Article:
In addition, if you use certain internal templates for Word, PowerPoint, and other applications, the EMS suite can adjust the security level for documents generated from such templates. Are your templates marked as confidential? Create rules in EMS to scan your file server before encrypting all documents whose template contains the word “confidential”.

EMS E3 versus E5

There are two versions of EMS and both are to be found in the Azure cloud universe. The older version is referred to as the E3, the new one as the E5. Essentially, the difference between the two is twofold: 1. how many rules and levels of security you, as an administrator, can automate, and 2. the E5 is slightly more expensive than the E3.

In other words, both the E3 and the E5 protect both units and users, but, whereas with the E3 you have to do some of the security work manually, the E5 sets no limits on what you can automate.

You can adjust the security level depending on the threat landscape you’ve identified for your users, and your IT manager can make all units used by your employees secure. If a user logs in from an entirely different place than they normally use, or if use patterns are detected other than those that are common for a particular user, you can take some action, such as requiring that the user confirm that they, rather than someone else, are logging on.

EMS learns from user behavior, including from any “mistakes” they may make.

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This is CAS

The EMS E3 and E5 are premised on providing the best security possible without hassling your employees and without making them less aware or productive. You can use complex algorithms to ratchet up security to a level that is incredibly reliable, or you can encrypt content and protect important data without your users being bothered by the system.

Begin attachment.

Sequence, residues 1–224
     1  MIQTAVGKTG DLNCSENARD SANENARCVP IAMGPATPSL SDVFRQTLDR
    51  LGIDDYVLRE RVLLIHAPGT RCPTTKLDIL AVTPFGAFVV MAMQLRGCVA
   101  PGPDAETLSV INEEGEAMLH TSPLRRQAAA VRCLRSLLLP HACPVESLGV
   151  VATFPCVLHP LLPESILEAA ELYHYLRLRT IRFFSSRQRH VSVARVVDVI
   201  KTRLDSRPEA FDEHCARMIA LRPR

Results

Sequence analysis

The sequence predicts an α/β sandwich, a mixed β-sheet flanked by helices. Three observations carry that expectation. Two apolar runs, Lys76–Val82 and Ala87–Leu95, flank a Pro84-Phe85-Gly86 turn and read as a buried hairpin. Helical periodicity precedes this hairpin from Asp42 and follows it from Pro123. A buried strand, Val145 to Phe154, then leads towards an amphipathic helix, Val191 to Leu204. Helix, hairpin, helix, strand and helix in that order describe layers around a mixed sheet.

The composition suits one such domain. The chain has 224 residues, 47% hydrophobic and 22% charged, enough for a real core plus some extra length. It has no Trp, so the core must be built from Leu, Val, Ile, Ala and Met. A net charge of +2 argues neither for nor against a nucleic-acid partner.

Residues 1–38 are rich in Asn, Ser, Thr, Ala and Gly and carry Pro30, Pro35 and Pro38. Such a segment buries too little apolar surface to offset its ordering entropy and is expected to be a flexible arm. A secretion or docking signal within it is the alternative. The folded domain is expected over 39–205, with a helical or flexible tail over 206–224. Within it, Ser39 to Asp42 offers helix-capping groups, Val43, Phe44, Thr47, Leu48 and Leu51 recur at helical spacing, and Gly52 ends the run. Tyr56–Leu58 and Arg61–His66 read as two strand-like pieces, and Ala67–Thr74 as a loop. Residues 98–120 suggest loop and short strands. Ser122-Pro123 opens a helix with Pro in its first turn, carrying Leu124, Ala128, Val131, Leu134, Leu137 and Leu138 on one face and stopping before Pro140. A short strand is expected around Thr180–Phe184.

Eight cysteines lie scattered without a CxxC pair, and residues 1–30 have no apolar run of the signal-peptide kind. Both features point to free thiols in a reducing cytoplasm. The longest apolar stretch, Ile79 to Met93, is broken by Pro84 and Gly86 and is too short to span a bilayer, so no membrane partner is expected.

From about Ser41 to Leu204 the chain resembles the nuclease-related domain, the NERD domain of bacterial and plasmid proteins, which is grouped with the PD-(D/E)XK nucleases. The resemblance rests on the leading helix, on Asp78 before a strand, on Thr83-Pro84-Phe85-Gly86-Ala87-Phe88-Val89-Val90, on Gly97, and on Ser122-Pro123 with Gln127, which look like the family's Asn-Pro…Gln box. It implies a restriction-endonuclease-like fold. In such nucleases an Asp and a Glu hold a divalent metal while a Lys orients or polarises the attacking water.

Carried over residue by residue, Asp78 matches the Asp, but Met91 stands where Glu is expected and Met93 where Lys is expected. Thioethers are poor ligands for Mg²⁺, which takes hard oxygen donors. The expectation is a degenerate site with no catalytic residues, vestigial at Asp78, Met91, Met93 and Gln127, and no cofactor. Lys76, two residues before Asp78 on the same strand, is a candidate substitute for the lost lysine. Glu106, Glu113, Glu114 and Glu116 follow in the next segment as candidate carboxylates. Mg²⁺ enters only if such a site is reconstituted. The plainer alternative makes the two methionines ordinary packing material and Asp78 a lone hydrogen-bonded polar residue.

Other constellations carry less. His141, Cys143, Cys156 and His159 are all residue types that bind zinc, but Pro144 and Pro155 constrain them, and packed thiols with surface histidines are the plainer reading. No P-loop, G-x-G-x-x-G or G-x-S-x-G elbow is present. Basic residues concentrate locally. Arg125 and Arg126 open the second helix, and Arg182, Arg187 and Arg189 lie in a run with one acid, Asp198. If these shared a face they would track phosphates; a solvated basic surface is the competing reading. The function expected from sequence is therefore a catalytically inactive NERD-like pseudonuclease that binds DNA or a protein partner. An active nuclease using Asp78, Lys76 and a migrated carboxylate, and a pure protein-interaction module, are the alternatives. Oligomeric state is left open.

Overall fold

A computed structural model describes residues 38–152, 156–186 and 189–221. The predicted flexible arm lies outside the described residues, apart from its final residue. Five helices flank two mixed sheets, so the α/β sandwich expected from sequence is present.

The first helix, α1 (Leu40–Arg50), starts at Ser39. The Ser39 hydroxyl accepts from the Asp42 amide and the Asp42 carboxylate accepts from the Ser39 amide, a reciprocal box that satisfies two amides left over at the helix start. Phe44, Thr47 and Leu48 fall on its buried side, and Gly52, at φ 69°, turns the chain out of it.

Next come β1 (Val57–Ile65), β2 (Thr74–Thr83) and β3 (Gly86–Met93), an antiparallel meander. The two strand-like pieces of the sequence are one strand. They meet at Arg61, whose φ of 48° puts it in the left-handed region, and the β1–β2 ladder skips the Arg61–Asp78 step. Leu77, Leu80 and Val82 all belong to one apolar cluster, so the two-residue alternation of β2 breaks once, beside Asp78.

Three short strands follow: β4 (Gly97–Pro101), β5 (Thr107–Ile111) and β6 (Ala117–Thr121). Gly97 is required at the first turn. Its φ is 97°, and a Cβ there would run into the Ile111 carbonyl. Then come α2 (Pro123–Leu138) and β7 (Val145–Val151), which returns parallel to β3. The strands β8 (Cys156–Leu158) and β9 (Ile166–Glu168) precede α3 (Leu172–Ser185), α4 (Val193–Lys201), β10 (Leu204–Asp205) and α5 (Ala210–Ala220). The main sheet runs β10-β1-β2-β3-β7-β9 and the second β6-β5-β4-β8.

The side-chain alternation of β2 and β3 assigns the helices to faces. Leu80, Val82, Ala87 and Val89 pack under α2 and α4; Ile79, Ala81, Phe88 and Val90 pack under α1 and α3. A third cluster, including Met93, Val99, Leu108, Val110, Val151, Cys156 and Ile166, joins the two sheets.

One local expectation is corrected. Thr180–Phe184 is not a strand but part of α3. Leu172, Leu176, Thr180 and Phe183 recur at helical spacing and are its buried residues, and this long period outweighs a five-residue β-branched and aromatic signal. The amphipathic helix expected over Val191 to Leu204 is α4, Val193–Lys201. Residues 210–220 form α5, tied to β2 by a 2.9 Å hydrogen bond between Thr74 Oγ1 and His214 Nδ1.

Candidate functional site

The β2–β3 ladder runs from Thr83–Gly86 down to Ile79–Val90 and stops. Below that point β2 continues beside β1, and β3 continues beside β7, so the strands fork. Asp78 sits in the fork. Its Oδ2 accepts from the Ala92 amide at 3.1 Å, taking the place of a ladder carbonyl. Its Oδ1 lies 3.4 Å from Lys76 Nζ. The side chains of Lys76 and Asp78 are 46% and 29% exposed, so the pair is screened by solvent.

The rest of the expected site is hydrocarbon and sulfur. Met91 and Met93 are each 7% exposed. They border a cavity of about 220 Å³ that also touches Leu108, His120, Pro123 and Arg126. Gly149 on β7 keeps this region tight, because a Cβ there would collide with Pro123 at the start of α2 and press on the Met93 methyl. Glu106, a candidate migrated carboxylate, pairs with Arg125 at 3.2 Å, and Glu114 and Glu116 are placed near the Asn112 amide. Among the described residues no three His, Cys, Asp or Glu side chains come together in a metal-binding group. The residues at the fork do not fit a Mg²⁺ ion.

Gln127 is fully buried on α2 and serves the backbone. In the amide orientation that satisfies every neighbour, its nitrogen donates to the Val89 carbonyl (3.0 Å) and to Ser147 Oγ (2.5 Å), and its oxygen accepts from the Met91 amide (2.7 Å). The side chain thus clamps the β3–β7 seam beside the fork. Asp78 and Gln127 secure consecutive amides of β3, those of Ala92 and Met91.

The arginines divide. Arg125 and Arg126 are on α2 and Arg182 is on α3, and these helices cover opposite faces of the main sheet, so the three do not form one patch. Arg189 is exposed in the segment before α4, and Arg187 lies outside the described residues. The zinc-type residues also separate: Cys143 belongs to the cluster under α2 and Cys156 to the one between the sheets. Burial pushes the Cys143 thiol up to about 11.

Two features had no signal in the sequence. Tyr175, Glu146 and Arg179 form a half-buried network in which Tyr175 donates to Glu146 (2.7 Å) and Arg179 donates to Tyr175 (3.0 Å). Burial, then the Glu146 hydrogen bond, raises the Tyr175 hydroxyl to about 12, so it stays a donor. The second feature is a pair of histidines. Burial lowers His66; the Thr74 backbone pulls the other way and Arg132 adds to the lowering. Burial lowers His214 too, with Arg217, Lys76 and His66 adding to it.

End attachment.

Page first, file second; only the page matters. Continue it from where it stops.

One of the biggest advantages of the E5 comes under the three-letter acronym CAS, short for Cloud App Security. It is a particularly powerful and comprehensive tool. As already mentioned, CAS can scan all public areas and, within hours, protect documents according to rules set by the administrator him/herself.

The user will not notice anything and can use documents as before — even those that have been encrypted. In addition, CAS can monitor other cloud activities and sound the alert, for example, if a user suddenly begins to download all job files onto an external cloud service such as Dropbox or OneDrive. Whether one of your employees is planning to leave the company, or is just being careless about security, or whether the owner of an encrypted document falls ill or goes on holiday, EMS will remain flexible throughout. With the help of a master key, the administrator can open the document and allow other people in the company to work on it — without the owner having to be called back from holiday or forced to turn up in the office with a terrible flu bug.


  • Microsoft Azure is the name covering several different cloud services that help companies and organizations attain their business goals.
  • Companies and organizations can use Azure to develop, administer, and distribute programs across a global network.
  • Security and privacy are built right into the Azure platform.
  • Azure supports open source technology, meaning it’s not locked to the Windows platform.
  • You pay only for the resources you use — no advance payment necessary.
  • Over 90 per cent of all US Fortune 500 companies use Microsoft cloud services.
  • Azure is used by small, medium-sized, and large organizations, and works within healthcare, retail, goods manufacturing and financial services industries, as well as within government bodies.

Alexander Solaat Rødland

Senior Consultant at Innofactor focuses on user experience and connections between people, computers and implementation of new technology. Alexander has been awarded the Microsoft MVP since 2014 and Windows Insider MVP since 2019. He has been an honorable speaker at various local seminars, TechDays Sweden, at the Nordic Infrastructure Conference (NIC) and Ignite.